Barriers To Exclusive Breastfeeding In Western Kenya

At a time when governments are urged to take on their duties and tackle the health threat posed by poor quality, insufficient or unbalanced baby feeding, PEAH is pleased to publish a reflection, just a thought, by a field engaged Kenyan professional


By Charity M’mbaga

Clinical Nutritionist at Kenyatta National Hospital



The importance of breastfeeding cannot be overemphasized. The majority of children who end up having low intelligent quotient, diabetes and obesity are those who were not exclusively breastfed. It is recommended that infants should be breastfed exclusively for six months with exclusion of solid foods and water.

Western Kenya is one of former Kenya’s administrative provinces outside Nairobi.

Despite being the bread basket of the Country* there are several barriers that hinder breastfeeding in this region. We take a look at some of these hindrances

  • Cultural Factors-This region comprises of the Abaluhya community who are diverse and with different cultural beliefs. Some tend to believe that the mother’s milk cannot fully satisfy the baby hence the baby needs other feeds to so as to be strong. This leads to the introduction of mixed feeding as early as three months to the baby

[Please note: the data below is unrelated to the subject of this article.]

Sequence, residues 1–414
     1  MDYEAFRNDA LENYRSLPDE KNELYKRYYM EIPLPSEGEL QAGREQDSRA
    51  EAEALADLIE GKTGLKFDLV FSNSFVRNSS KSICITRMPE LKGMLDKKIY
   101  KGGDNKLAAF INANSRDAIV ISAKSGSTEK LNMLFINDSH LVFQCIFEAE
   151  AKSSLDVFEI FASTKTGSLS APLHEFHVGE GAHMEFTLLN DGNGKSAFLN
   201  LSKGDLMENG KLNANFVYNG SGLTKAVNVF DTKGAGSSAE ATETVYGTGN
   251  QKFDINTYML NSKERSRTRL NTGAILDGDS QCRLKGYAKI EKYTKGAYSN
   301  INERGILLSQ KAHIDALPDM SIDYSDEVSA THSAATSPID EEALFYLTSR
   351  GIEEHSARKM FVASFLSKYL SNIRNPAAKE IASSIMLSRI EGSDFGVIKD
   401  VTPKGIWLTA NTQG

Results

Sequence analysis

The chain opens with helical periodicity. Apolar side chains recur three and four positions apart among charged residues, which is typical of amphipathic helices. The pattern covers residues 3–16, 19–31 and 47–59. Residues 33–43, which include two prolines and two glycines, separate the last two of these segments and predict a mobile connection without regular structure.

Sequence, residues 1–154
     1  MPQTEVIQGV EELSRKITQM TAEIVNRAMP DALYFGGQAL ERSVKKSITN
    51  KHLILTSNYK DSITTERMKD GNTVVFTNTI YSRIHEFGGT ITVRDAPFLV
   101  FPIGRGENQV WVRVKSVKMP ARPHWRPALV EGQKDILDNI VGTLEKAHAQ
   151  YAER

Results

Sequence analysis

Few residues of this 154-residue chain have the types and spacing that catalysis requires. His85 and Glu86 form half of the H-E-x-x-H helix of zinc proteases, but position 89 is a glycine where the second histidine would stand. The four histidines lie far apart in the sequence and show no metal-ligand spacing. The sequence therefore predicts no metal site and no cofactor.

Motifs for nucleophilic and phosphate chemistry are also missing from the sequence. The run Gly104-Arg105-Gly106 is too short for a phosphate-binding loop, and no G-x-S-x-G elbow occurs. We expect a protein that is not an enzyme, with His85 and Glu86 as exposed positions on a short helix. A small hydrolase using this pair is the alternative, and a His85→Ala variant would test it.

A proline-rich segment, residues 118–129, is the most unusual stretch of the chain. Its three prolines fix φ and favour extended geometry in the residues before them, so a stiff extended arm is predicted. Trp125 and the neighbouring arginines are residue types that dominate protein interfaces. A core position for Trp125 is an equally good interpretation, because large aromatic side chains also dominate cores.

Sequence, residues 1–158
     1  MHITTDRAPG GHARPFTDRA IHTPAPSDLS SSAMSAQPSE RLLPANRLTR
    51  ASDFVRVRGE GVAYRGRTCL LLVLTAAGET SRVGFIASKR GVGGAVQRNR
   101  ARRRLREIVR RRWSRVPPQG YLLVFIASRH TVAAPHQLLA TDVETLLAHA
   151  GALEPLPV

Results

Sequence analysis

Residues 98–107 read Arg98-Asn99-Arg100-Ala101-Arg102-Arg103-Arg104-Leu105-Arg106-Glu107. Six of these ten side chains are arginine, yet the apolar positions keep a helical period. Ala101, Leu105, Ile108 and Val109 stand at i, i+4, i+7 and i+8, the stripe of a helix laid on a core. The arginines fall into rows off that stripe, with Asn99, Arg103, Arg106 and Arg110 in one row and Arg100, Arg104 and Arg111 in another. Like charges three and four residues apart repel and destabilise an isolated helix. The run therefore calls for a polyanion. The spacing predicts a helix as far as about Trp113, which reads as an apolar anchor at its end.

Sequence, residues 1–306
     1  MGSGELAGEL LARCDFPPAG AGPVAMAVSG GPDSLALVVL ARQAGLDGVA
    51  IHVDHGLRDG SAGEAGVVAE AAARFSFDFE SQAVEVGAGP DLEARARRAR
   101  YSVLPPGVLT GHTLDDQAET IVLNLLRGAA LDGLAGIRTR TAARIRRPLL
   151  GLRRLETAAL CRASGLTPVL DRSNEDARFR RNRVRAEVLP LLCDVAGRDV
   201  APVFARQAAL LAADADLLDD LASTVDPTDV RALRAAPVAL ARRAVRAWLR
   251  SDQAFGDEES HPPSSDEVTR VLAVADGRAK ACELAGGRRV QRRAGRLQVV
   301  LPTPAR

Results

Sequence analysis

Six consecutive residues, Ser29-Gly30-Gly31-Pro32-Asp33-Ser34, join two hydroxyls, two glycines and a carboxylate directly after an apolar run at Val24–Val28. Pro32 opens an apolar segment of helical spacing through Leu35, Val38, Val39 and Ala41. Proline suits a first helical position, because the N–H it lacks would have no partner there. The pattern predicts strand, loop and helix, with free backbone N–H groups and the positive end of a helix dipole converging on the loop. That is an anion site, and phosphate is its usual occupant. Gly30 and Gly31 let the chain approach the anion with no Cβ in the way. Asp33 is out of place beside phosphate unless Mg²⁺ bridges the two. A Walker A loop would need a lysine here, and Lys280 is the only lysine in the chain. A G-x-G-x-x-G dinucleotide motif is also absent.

• Teenage pregnancy-With the introduction of free primary school in Kenya, school going children who give birth are encouraged to go back to school. With these comes the challenge of choosing before exclusive breastfeeding and school and the later takes preeminence
  • Lack of proper knowledge-Even though we are in the internet where knowledge and skills can be easily accessed, we still have a percentage of the population who cannot access this. Some breastfeeding mothers in this region lack the proper guidance on the period required to exclusively breastfeed their babies
  • Social customs-Because of social inclinations and customs, some breastfeeding mothers tend to believe that the mother’s milk is not enough for the baby and therefore start mixed feeding as early as two months

Nutrition education should be given to expectant mothers attending the antenatal clinic so as to enlighten them on the importance of exclusive breastfeeding.


*The main economic activity in western Kenya is farming, majorly subsistence farming of food crops such as maize, bananas, beans, wheat and sweet potatoes. The main staple food is maize, which is further processed to maize flour to make bread and baby foods such as Weetabix among other products.